As there are no roads between Panama and Colombia, I spent a few days in the city of Colon looking for a boat to Colombia. Colon is a city where foreigners are regularly held at gun point in the daytime, and I left the marina only to give presentations at a local school as well as the rotary club.
I found that yachts, for the same price as a plane ticket, take backpacking travelers between Colombia and Panama. (You can potentially get a free ride on a freighter, but only if you are willing to spent lots of time in Colon). I found a 65 foot yacht, the Golden Eagle (probably the best boat making this run), headed towards Colombia. As I was staying in the marina (sleeping on different boats), I spent some time before departure helping sand the Golden Eagle’s floors. In exchange, the captain told me I could be first mate, which meant I got to get on the boat a day early and sand the floors.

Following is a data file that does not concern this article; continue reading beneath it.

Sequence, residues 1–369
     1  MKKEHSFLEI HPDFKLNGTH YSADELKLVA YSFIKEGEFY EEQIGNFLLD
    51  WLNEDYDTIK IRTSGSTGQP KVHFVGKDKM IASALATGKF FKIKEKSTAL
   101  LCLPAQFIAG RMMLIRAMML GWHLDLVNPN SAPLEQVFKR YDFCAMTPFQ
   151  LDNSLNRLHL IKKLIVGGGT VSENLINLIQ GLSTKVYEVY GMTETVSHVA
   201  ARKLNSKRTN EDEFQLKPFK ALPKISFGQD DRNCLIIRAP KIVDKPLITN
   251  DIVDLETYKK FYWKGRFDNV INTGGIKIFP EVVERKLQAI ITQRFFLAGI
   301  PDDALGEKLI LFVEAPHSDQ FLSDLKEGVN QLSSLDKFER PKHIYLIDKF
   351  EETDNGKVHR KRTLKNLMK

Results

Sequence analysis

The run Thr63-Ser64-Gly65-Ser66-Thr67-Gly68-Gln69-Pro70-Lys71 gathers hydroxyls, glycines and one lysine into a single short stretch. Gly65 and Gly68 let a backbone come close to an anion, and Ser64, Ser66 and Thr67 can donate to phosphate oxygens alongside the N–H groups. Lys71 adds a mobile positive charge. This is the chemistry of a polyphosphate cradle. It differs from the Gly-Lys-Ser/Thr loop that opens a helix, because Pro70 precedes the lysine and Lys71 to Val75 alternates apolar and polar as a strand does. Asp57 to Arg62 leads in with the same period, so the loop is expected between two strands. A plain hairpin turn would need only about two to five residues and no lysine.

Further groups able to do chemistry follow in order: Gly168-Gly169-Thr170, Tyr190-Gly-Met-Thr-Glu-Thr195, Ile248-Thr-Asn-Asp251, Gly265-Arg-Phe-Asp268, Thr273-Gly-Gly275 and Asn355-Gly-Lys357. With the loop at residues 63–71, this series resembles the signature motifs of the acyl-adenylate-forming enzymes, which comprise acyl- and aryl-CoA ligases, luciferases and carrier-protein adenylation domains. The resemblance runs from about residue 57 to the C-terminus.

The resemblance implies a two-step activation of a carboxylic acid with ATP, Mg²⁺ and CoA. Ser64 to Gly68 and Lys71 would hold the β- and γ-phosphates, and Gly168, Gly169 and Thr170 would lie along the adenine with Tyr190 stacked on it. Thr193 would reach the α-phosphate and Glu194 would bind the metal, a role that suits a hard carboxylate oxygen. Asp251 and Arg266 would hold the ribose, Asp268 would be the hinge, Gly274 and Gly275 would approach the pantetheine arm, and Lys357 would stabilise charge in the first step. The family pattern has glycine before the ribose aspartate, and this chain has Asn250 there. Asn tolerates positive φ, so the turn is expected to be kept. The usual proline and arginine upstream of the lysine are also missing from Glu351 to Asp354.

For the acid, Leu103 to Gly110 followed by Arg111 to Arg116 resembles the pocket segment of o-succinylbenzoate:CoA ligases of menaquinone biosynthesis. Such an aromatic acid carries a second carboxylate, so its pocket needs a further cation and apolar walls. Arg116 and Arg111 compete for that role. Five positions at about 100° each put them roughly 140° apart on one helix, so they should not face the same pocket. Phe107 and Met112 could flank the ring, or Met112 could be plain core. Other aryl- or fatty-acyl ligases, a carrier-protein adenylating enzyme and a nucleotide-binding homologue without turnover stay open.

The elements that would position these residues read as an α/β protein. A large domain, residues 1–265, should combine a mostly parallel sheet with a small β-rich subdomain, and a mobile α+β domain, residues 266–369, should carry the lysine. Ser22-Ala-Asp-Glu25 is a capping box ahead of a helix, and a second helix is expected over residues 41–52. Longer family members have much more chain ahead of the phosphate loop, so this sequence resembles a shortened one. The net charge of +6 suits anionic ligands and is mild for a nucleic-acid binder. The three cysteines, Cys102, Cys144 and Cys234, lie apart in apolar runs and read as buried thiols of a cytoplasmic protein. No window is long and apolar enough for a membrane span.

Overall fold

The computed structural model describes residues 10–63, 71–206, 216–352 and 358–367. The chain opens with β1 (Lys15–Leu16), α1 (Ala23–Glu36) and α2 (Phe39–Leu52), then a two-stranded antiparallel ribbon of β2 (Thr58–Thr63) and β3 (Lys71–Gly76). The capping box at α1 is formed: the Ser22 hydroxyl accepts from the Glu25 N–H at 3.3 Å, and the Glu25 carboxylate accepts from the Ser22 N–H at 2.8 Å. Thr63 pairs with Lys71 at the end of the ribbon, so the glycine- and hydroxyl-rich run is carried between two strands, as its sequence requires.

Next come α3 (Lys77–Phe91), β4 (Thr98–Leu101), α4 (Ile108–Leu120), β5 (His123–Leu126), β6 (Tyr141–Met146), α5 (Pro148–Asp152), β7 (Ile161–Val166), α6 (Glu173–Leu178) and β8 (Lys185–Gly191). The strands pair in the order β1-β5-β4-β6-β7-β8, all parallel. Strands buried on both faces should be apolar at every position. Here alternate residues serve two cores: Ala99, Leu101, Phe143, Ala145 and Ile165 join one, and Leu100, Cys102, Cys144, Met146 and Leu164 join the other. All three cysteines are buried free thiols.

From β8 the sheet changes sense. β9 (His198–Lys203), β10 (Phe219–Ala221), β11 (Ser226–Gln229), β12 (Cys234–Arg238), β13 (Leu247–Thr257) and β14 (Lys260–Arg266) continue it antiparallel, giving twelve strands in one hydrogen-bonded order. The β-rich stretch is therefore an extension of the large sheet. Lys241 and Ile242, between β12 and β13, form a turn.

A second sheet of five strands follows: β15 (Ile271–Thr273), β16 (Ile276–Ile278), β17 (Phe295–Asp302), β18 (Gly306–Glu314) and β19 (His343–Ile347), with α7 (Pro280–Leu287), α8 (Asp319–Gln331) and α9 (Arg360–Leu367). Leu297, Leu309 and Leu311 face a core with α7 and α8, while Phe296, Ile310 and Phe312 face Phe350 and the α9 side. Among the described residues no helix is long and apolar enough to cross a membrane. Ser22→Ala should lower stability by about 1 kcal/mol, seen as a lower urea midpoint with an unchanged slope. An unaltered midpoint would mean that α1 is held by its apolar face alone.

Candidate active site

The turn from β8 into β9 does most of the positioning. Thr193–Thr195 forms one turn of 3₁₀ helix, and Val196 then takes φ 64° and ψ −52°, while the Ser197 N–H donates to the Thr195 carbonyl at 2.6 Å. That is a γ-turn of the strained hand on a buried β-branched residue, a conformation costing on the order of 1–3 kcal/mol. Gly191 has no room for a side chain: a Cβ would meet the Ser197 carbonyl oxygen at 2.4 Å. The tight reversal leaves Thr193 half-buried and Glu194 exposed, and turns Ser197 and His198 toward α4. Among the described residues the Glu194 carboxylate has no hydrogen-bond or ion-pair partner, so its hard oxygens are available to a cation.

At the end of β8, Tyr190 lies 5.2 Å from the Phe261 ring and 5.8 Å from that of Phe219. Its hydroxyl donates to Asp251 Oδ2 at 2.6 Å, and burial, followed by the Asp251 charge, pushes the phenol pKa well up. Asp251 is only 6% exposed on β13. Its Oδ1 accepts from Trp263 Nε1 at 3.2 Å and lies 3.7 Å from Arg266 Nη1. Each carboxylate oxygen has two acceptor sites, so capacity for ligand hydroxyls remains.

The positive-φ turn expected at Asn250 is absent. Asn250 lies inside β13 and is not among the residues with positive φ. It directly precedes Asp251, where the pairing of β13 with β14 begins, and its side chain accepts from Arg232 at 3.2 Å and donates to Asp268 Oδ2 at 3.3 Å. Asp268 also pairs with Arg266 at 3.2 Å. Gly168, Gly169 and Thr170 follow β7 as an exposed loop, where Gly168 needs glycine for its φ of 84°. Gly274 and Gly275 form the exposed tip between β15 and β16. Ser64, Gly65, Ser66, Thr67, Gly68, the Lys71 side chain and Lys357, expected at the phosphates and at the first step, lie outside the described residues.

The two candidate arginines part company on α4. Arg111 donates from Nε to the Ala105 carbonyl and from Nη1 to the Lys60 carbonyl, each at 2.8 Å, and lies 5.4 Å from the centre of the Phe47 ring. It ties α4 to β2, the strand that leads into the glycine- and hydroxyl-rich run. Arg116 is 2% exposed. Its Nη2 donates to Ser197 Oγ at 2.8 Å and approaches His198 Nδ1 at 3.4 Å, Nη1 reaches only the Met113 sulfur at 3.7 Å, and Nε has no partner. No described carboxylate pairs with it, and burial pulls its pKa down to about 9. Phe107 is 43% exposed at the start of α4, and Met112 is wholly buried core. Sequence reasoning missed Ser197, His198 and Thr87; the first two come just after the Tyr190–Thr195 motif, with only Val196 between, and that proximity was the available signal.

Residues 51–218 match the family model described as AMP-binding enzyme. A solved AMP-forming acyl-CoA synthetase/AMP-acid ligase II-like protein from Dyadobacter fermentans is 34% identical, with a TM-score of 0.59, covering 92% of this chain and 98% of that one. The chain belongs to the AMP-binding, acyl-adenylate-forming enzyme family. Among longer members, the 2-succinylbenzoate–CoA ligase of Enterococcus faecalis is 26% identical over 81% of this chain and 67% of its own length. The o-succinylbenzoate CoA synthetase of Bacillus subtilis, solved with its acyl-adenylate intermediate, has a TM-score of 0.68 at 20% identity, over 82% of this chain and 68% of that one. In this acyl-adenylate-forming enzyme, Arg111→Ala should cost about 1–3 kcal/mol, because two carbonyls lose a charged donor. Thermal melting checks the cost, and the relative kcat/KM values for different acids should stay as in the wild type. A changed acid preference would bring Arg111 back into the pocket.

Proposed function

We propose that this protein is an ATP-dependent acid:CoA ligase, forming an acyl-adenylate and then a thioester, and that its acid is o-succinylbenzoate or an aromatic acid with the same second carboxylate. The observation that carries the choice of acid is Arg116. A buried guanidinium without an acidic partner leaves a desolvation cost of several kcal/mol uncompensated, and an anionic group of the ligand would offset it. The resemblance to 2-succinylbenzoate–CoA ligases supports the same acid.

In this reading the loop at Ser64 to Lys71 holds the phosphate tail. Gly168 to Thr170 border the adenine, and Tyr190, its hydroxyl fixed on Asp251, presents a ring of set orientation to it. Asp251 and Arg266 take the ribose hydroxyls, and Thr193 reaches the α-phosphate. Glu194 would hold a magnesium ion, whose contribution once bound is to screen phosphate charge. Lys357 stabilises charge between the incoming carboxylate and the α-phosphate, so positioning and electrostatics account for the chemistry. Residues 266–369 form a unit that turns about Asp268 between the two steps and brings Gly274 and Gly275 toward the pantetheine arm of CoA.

We were soon joined by 12 other young travelers from Australia, England, the Netherlands, Canada, South Africa, Singapore, and the U.S. For the first time this trip, I was surrounded by other travelers. We sailed first to the San Blas Islands, where we anchored between two small islands. The local Kuna Indians, who inhabit the islands, canoed up to our boats to sell us locally made clothing. All the islands sit less then a half meter above sea level, and we guessed how many years it would be before they were under water.
After two more days of sailing across the Caribbean, we arrived in Cartagena, Colombia, the first stop in South America.